At a certain point, it’s probably best to stop hoping that a player will ever change from what she has always been. How many pros succeed in transforming themselves, in fixing their flaws and solving their riddles, in the middle of their careers? You can count them on one hand. Sometimes beating No. 1 players and winning major titles isn't enough to manufacture confidence over the long term. As two women have shown this summer, even reaching the summit of the sport, the final at Wimbledon, won't lift your game for long.
The latest player to remind us of this cold hard fact is 24-year-old Petra Kvitova. Watching her refuse to be beaten at Wimbledon, I had held out some small hope that she would take that attitude with her when she left Centre Court. She had been so determined there; why should it be different anywhere else?
But, of course, it has been different. After a month-long break, Kvitova lost her second match in Montreal, to Ekaterina Makarova. Yesterday she lost her first match in Cincinnati, to Elina Svitolina. A pattern has been repeated: In 2011, after winning her maiden Wimbledon title, Kvitova lost in the second round at each of these two events, before going out in the first round of the U.S. Open.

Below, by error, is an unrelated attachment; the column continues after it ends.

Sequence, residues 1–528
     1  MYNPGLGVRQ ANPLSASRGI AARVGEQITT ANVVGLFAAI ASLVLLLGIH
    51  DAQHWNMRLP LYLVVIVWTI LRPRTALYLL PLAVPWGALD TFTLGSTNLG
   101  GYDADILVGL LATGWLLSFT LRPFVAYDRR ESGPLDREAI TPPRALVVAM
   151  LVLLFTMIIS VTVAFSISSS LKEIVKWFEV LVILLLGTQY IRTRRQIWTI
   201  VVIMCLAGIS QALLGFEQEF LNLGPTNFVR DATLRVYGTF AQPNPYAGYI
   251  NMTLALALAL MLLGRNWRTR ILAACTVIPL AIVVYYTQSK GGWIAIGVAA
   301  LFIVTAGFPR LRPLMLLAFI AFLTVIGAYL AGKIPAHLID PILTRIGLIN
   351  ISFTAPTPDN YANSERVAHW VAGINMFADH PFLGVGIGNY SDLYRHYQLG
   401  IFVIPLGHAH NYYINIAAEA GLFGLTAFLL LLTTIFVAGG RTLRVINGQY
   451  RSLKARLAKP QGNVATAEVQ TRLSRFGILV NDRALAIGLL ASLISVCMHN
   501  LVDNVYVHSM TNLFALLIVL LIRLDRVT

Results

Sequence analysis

This time even Kvitova was left scratching her head.
“From the beginning I didn’t feel comfortable out there,” said Kvitova, who has struggled in the North American humidity in the past. “I was really trying to fight, but I just wasn’t able to do it today. I’m not sure why. But it happened.”
Credit Kvitova for being honest: When she was asked if she was hitting the ball well in practice, she said “Not really.” You rarely hear that from a player.
So now we know: Petra is still Petra. She says she’s happy she has entered New Haven next week, to get some more match play. Let’s hope she can avoid a repeat from three years ago and win at least one match in New York.